A top Lebanese intelligence official said Wednesday the country would not deport six Syrians back to their war-torn homeland, after they were detained last month for smuggling themselves across the border.
The army reported on August 28 that it had arrested six Syrians for "entering Lebanon illegally" and had referred them to the General Security apparatus.
Activists have raised the alarm over their fate, especially after four of them were detained near the Syrian embassy.
"General Security will not deport the six Syrians and will work to regularize their legal status," the agency’s chief official Abbas Ibrahim told AFP.
The six hail from Syria’s southern province of Daraa, where regime forces have in recent weeks been pushing to retake every inch of the region from holdout rebels.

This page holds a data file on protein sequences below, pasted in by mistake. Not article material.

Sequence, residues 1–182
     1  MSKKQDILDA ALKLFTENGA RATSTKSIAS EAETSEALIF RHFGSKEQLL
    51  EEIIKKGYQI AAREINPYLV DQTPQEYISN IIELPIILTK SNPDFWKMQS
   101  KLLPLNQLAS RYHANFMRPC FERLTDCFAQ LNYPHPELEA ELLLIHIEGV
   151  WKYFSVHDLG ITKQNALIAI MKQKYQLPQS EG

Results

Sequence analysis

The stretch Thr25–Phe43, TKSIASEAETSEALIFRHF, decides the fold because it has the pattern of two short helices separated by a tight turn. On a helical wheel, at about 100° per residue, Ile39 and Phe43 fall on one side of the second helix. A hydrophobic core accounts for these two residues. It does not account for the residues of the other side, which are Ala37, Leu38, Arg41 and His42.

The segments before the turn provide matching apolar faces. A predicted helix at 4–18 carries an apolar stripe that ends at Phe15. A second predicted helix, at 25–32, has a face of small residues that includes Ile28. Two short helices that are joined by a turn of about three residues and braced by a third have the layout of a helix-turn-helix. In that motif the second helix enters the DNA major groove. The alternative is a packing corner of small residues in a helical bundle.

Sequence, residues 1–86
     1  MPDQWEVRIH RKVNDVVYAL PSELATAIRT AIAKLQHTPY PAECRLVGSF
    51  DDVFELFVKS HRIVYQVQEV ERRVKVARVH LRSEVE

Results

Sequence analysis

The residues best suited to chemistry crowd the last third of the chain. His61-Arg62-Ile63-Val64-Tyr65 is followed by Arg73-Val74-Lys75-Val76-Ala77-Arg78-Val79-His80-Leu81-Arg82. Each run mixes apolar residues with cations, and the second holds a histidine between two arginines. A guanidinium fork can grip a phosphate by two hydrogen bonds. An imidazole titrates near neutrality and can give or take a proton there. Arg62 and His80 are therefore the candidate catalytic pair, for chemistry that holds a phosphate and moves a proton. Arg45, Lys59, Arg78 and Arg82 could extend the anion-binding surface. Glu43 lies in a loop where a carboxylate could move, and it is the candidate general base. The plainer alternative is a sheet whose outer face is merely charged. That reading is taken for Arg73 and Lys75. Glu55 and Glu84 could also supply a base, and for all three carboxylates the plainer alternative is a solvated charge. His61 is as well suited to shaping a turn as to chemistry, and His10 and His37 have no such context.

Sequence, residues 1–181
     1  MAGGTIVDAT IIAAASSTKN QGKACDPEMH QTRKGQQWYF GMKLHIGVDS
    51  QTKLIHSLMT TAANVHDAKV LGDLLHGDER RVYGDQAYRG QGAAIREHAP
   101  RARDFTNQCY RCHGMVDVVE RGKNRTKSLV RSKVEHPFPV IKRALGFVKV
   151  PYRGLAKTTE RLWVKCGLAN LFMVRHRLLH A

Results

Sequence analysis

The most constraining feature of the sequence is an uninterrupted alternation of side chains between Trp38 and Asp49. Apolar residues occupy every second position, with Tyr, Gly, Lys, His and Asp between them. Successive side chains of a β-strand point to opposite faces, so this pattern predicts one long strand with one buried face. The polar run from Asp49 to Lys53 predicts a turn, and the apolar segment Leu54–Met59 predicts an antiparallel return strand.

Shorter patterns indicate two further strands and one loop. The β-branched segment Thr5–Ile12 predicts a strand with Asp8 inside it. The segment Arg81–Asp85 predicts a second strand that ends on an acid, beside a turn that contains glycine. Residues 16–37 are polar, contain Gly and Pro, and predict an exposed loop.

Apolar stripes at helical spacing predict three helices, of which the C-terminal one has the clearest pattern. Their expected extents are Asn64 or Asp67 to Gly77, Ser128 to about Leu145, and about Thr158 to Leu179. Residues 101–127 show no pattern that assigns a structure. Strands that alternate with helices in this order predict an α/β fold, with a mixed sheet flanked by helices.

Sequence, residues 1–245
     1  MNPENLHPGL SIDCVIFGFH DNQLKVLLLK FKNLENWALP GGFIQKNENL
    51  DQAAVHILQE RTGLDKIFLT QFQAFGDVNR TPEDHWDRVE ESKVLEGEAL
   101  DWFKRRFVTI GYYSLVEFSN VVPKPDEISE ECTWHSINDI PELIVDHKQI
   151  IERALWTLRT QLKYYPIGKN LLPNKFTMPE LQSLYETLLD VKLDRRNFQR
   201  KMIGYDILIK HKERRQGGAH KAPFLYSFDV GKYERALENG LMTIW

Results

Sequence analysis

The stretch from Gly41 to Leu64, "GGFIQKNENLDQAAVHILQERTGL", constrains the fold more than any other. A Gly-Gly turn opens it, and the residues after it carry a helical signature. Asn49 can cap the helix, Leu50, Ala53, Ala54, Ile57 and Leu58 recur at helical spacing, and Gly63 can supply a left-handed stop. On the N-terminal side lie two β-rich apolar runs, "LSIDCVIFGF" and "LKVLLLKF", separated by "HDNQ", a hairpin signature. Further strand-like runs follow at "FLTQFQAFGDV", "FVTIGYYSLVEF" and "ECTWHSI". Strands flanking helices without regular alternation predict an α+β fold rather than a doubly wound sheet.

A brother of one of the detainees told rights group Amnesty International that he had received a call on August 26 to collect his passport at the embassy, then stopped responding to his messages after picking up the document.
Amnesty earlier Wednesday warned of “grave risks awaiting them in Syria” if the six were sent back.
Its statement came a day after it published a report in which it warned that “no part of Syria is safe to return to.”
It said dozens of Syrians who had returned home from abroad had been subject to detention, enforced disappearance, torture or rape by Syrian intelligence forces, including children.
Lebanon, which is grappling with an economic crisis, says it hosts some 1.5 million Syrians, including more than 850,000 registered as refugees with the United Nations.
The Mediterranean country started repatriating Syrian refugees in May 2019 from its soil, in a move that has repeatedly been condemned by human rights groups.